In the age of social media, can the right to free speech protect a cheerleader whose off-campus ‘snap’ smeared her squad?
In an update to our October 2017 article on B.L. v. Mahanoy Area School District case, in which a school barred a student from the cheerleading squad as punishment for language she used outside of school, the caution to Pennsylvania school districts remains the same. School officials must utilize the same framework in analyzing student speech where the punishment involves a suspension from an extracurricular activity as opposed to suspension from school.
After the Middle District Court of Pennsylvania granted specific instruction to the school district that demanded the student return to the cheer squad, the case continued. After a period of gathering information, both the school district and the cheerleader asked the Court to evaluate the case without a trial. The Middle District Court ruled in the student’s favor, finding no distinction between excluding a student from an extracurricular activity and suspending a student from class. The Middle District Court refused to consider the difference between a school suspension and participation in an extracurricular activity
The Mahanoy Area School District issued a statement “The School District is disappointed in the decision but has not yet made a decision whether to appeal.” As an explanation of the school district’s position it offered “…the School Board believed it was its obligation to support the coaches’ decision to remove B.L. from the cheerleading team for not following the cheerleading rules. B.L. and parent agreed to these rules before joining the team. The school board firmly believes that extracurricular activities are not a right. They are a privilege and coaches have the authority to make rules for their activity. School boards and administration need to support their coaches when rules are broken.”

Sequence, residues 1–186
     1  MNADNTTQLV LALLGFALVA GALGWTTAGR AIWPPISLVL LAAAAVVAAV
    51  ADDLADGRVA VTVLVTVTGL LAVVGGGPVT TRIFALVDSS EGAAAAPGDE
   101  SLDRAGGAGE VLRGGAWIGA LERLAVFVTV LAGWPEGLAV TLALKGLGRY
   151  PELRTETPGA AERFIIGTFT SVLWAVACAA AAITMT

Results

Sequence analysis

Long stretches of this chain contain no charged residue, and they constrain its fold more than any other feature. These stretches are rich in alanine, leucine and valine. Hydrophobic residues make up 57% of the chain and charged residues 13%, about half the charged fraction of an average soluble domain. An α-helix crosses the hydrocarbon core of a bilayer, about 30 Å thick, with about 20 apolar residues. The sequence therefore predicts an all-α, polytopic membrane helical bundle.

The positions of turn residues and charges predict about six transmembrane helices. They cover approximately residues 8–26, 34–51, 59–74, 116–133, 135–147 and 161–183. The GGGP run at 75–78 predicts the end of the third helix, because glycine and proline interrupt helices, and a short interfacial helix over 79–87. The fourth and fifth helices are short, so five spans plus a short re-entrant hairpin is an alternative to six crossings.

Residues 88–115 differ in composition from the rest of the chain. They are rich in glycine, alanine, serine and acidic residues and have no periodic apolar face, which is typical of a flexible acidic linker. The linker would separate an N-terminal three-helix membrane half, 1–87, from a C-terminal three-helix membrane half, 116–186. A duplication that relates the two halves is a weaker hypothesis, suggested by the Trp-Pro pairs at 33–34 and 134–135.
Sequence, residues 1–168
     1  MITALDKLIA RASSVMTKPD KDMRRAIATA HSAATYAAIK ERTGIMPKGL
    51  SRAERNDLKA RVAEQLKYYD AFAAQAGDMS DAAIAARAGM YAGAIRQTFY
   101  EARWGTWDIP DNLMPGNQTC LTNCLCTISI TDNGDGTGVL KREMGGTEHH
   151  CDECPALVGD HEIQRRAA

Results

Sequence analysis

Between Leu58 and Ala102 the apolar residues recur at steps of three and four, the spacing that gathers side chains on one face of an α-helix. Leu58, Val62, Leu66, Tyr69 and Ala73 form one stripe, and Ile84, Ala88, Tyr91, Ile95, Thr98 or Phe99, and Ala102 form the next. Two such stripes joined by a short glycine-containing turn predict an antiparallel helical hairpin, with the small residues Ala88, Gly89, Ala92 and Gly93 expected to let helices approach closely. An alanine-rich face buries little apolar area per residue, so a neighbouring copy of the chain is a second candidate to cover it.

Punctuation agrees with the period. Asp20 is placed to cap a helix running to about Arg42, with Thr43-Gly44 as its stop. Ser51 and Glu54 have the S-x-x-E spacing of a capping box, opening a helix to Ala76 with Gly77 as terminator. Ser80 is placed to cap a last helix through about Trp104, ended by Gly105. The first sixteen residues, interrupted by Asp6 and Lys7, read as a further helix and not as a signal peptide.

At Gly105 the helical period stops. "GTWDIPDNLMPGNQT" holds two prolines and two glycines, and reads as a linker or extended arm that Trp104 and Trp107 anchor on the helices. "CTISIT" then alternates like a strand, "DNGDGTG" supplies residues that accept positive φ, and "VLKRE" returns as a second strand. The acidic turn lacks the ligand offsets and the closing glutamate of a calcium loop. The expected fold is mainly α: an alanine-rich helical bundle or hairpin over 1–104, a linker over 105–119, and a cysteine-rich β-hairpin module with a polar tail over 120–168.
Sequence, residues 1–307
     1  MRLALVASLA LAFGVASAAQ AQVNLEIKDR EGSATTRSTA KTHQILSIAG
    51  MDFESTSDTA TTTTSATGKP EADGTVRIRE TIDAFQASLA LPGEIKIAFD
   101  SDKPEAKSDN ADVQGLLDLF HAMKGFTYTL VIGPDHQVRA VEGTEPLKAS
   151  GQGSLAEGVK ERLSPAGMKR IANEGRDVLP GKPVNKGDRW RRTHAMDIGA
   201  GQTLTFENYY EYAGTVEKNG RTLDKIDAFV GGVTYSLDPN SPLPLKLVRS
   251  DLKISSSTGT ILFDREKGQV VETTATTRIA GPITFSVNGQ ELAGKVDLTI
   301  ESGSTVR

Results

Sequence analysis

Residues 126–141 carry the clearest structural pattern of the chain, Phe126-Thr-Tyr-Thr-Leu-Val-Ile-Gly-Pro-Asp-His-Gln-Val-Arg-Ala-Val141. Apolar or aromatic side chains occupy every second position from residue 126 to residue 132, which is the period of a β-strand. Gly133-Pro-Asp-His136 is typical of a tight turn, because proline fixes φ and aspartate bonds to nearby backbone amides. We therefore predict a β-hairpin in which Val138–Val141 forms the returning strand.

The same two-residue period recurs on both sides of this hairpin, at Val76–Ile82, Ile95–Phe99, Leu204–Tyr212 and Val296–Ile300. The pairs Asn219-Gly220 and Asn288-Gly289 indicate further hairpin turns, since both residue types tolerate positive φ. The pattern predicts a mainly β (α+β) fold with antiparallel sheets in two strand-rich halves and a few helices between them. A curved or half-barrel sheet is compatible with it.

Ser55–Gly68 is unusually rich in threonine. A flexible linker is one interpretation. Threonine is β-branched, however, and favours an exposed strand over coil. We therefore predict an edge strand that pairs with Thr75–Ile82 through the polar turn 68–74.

The United States Supreme Court has recognized four circumstances in which schools may regulate student speech. First, a school may restrict speech if it “materially and substantially disrupt[s] the work and discipline of the school.” Second, a school may restrict vulgar or offensive speech made on campus in furtherance of its mission to “inculcate the habits and manner of civility” and to “teach students the boundaries of socially inappropriate behavior.” Third, “expressive activities that students, parents, and members of the public might reasonably perceive to bear the imprimatur of the school,” such as a school newspaper, may be regulated “so long as [the school’s] actions are reasonably related to legitimate pedagogical concerns.” Finally, schools may punish speech advocating illegal drug use or the threat of physical safety of students.
It is clear students cannot be disciplined for off-campus conduct absent limited exceptions requiring a nexus to the school and substantial disruption to the school environment. The Middle District ruled the Mahanoy Area School District violated the First Amendment rights of B.L. who was dismissed from the cheerleading squad for posting a “Snap” to the social media platform Snapchat, using expletives sounding off against the cheer squad. Deciding factors in this case were that the student posted the Snap while off-campus, during non-school hours, and did not identify herself or wear clothing to identify herself as a Mahanoy cheerleader. In a factually distinct 2018 federal case in Utah, a student posting an expletive ridden video of herself wearing attire connecting her to the school district was denied her request for reinstatement to the cheer squad for alleged violations of her right to free speech. Rulings in these cases are fact-intensive and can turn on slight differences in the factual situation presented. On April 12, 2019 the Mahanoy Area School District filed an appeal to the 3rd U.S. Circuit Court of Appeals in Philadelphia.
If your school district is facing issues related to this article or the free speech rights of students, contact the Education Law Team at firstname.lastname@example.org.